Stuart Murdoch's Voice: It's metallic, but not cold, and really powerful.

Stuart Murdoch's Gay Dancing: This was the most queer I've ever seen Stuart. He danced playfully about the whole night and made occasional cheeky comments.

The Songs: They played many of the new songs, most importanty Sukie in the Graveyard, We Are the Sleepyheads, and White Collar Boy. Their best performance was Your Covers Blown - which is one of their best from the Books compilation/album. They also pulled off Electronic Renaissance brilliantly, which I don't know that I've ever heard them play live.

Stevie Jackson: He wore this handsome outfit - a suit and tie - and has really taken his place as the number two man in the band.


The Venue: It was really big and just a flat warehouse with a stage at the narrow end. Why couldn't they have put the stage at one of the wide ends, at least that would have made it easier to see the band. I don't think there was any slope in the floor at all. So it is basically a venue for the people that can make it to the front, or the freakishly tall.

The Price: It was $30 a ticket for this crowded flat-fest. There was Bud Light in a small cup for $6.

The Fans: Maybe the price had something to do with it, but I was surprised how annoying many of the fans were. One girl near me kept yelling "Dance Hipsters Dance" really loud when it got quiet. There were indeed hipsters about, which is normal and expected, but there were also a lot of yuppies there and blonde couples that look like they shop at the Gap or something. That surprised me possibly becuase I'd seen them previously in Austin, where even the yuppies like to wear thrift store Western shirts.

No Politics: The band is pretty left. They have a Make Poverty History banner on their website, and they played at an anti G-8 Concert in Scotland a few months ago. With all the nasty things Morrissey is saying about Bush and Blair, I was hoping for at least one silly comment from Stuart with a slight political edge.

Monday, March 20, 2006

A Decade of Drinking Legally

It started with bad beer - Natural Light - and moved into bad liquor - Purple Passion/Everclear - ten years later and I still prefer beer to anything else. The best inexpensive beer is Pabst - I don't care if it was the hipster beer of choice in 2002. Ambers are good but porters are better. Does that mean I like hops?

Oh yeah, there was a protest this weekend. My birthday happens to fall on the anniversary of Shock and Awe, also the first day of Spring. My greatest ephiphany over the last 3 years of Bush's war? The greatest obstacle to ending the war and reigning in U.S. imperialism generally is the Democrats, not the Republicans. Think about that.

The protest in San Francisco was about 10,000 people I would estimate, although the organizers say 25,000 - I could be wrong. The coolest part was the very active Palestinian contingent. The intifada is global!

Sunday, March 12, 2006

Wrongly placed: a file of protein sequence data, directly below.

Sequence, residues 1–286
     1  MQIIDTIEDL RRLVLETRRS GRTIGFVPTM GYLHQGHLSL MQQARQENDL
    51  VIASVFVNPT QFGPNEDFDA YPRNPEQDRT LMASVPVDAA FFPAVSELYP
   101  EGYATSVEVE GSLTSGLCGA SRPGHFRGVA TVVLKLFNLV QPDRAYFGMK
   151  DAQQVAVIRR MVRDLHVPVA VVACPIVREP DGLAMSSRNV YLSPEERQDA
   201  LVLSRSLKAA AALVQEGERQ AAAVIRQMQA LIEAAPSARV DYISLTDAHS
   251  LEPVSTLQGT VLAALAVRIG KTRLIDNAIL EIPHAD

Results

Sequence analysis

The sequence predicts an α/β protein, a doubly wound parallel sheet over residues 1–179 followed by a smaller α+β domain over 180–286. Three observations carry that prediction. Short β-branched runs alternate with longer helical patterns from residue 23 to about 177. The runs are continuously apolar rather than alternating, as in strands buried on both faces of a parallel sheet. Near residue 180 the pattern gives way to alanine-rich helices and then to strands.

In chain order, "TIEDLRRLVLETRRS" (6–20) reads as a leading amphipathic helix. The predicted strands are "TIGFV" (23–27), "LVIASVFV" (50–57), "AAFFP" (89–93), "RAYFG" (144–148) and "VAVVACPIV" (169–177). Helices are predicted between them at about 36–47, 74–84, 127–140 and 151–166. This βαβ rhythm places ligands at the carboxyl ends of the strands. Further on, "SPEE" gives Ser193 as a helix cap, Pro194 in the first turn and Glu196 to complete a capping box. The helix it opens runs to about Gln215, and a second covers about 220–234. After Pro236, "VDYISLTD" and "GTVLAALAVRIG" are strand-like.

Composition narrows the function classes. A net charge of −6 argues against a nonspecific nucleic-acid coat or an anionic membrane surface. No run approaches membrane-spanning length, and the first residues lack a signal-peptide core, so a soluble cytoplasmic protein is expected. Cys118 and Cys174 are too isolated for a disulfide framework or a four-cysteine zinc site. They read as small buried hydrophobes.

Immigrants Hit the Streets; Nerds Hit the Web

In case you haven't heard, and I wouldn't be surprised since the media doesn't have much to say about this sort of thing, 100,000 people, many immigrants, marched in Chicago last week to oppose the disgusting anti-immigrant legislation moving through Congress. The so-called Sensenbrenner Bill would attach criminal penalties to a number of immigration violations and also calls for more border fences. In a statement from Mercedes Castillo of the National Latina/Latino Law Student Association, she wrote:
Here are some of the provisions in HR 4437:
--More money for MORE border officers, inspectors, etc.
--More money for surveillance and every technical gadget that comes along with it --Denial of benefits to immigrants the AG deems "terrorists"
--Detention and removal of non-citizens will be increased, protections take away, judicial review taken away... the list goes on --You will be considered an aggravated felon just for being "unlawfully present", this means you will NEVER be able to fix your papers, NEVER see any legal protections afforded to other people, etc.
--Gang member?! Who me? Sure if the AG says so.
--Give your undocumented friend a ride home, you might just get charged with "alien smuggling"
--Illegal re-entry will lock you up for a period of up to 20 years and THEN we will deport you.
--Burden of proof: guilty until proven innocent.
The right-wing feels like this is an issue they can run with. Things are going poorly in Iraq, with jobs and healthcare, and with numerous scandals in Washington, so it is perfect timing for a scapegoat. Immigrants are easy because most are disenfranchised and few have money, in other words they have no political capital. But if we can get tens of thousands of immigrants and non-immigrants alike into the streets, like they did in Chicago, politicians will have to listen. It makes it easier that a lot of Americans, even if they won't march against this legislation, haven't bought into the immigrant bashing scare-tactics.